Non-profit organizations and social enterprises that wish to design sustainability strategies need to have clarity around the concepts of income generation and profit, and how to achieve them.
This article aims to debunk some misconceptions around income generation, equity investments, loan finance, and the profits or surpluses that these organizations may generate or receive.
In previous articles, I have focused on legal structures, business models and common confusions. In this article, I propose that non-profit organizations and social enterprises can change the way they cost proposals and transact with their customers (i.e. the people and organizations they are getting money from). I believe this will increase the opportunity to generate income and the profit or surplus that may result. It is hoped this article will help you to better harness your organization’s potential while still delivering on its social goals.
The first issue is the myth that “income generation” and “donations” are separate and utterly different. Non-profit organizations are skilled at fundraising and know how to submit proposals to donors. This is their comfort zone. In contrast, “income generation” is seen as something different, new, “business-like” and sometimes “dirty” – something that should be separated into another legal entity.
This split thinking discourages organizations from exploring easy opportunities to earn income. For example, a national rehabilitation organization recently introduced a differential pricing strategy where certain services are free for poorer beneficiaries but charged to others who could afford the services. This opportunity was in its reach and did not require the establishment of side businesses, additional legal entities etc.
Another recent example is a non-profit organization in the Cape Town townships that wanted to use its extra land to establish various businesses. However, when we explored these opportunities, none turned out to be viable. Instead the organization decided to make better use of its reputation and buildings, and become a “social services hub”. This meant upgrading the value they provided to tenants and bringing in new tenants at more profitable rates. Ultimately, this decision aligned better with the organization’s core values. It also promises to generate a surplus and expand the organization’s social impact.
The second issue is the confusion between “income generated” and “equity investment” or “loan finance”. Income generated is money that is earned or raised and therefore is recorded in the income statement. This income includes many forms such as donations, grants, dividends and the sale of goods or services. “Active income” is income an organization needs to invest effort to earn, whereas “passive income” is money that an organization receives with minimal effort, such as through rental income, dividends or interest.
In contrast, capital investment or “loan finance” is not income, but is equity or liabilities respectively which must be recorded as such in the statement of financial position (former balance sheet). Loan finance must be recorded as a liability as it is money that is owed by the organization. Equity investments occur when someone seeks to earn a return on their investment and usually involves buying shares of a private company (that you or your organization may own) with the hope of future income (dividends) from the investment and/or capital growth.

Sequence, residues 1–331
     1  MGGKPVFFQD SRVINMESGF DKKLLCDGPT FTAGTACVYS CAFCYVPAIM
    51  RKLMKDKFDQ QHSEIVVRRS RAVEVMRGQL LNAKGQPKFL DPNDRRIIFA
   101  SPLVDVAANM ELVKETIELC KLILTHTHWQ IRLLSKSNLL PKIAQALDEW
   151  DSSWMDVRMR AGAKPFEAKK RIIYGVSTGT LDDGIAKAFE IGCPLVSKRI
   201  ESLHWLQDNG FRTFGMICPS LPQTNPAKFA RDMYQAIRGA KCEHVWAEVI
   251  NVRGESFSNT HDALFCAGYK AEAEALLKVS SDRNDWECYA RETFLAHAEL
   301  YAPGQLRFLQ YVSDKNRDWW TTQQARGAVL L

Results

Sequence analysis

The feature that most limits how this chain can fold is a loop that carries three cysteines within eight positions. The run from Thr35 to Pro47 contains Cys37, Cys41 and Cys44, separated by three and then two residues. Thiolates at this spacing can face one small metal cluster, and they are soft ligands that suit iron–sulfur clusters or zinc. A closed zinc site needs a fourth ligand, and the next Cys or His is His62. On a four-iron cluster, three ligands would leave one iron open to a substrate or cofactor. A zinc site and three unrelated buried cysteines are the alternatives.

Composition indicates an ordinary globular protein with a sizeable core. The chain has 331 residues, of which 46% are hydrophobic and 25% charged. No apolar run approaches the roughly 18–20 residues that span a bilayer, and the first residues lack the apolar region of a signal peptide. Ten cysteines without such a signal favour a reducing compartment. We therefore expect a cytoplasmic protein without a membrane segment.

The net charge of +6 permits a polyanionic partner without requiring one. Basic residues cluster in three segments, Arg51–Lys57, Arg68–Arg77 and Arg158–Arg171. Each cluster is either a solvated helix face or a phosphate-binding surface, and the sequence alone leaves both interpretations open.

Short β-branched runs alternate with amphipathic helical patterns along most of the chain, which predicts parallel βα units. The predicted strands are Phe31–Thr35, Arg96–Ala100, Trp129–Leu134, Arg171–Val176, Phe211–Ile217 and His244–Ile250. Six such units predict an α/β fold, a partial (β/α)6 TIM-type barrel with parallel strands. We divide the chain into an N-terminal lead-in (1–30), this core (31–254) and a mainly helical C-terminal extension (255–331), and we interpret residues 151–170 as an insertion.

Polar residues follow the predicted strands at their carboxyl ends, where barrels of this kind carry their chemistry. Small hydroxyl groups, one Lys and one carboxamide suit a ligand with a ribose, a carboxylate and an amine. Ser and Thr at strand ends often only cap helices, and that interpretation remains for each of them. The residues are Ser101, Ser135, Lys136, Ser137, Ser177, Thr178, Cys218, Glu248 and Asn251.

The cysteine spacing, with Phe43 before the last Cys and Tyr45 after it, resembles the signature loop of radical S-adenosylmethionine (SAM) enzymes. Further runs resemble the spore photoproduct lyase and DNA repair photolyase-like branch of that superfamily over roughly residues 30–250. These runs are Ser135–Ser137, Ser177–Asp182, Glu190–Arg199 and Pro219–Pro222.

Remember loan finance can never be treated as income, as the amounts ultimately will need to be paid back. Poor understanding of loan finance often results in organizations being unable to pay back creditors and quickly becoming insolvent. Income from receiving equity investment should not be used to cover day-to-day expenses, but should rather go into reserves, be used to purchase assets (e.g. property for your office), or be used strategically to build/expand stream of income.
It is important for an organization to be clear on what it is aiming to achieve and to pursue appropriate sources of funding. It may not be appropriate to pursue equity investment or loan finance when the organization should be focusing its efforts on generating the income it needs to cover its on-going costs.
The third issue relates to earning a “profit” or “surplus”, which arises when income earned from activities is greater than the true and full cost of these activities. These surpluses or profits can help organizations to build reserves, fund strategic activities, expand operations and manage risk. However, some leaders are uncomfortable with non-profit organizations earning a profit. Surprisingly, some donors, businesses and government departments also expect non-profit organizations to work at discounted rates without any surplus being generated.
I believe that it depends on how the profit was generated and how it is applied. It is essential that beneficiaries are not undermined, neglected or misused in the process, and that profits and surpluses are reinvested so that they can further the mission of the organization.
The term “non-profit” means that no profits should be distributed in any form to investors, donors, staff or board members in the form of hefty salaries or bonuses, or other stakeholders.
It is vitally important that non-profit organizations cost projects fully in order to match the costs to the income stream. Organizations could, at times think that they’re making a profit from their income-generating activities, but they may not be. If the income does not cover the full costs of implementation, including a share of the overheads, it would result in them cross subsidizing these initiatives through other income sources.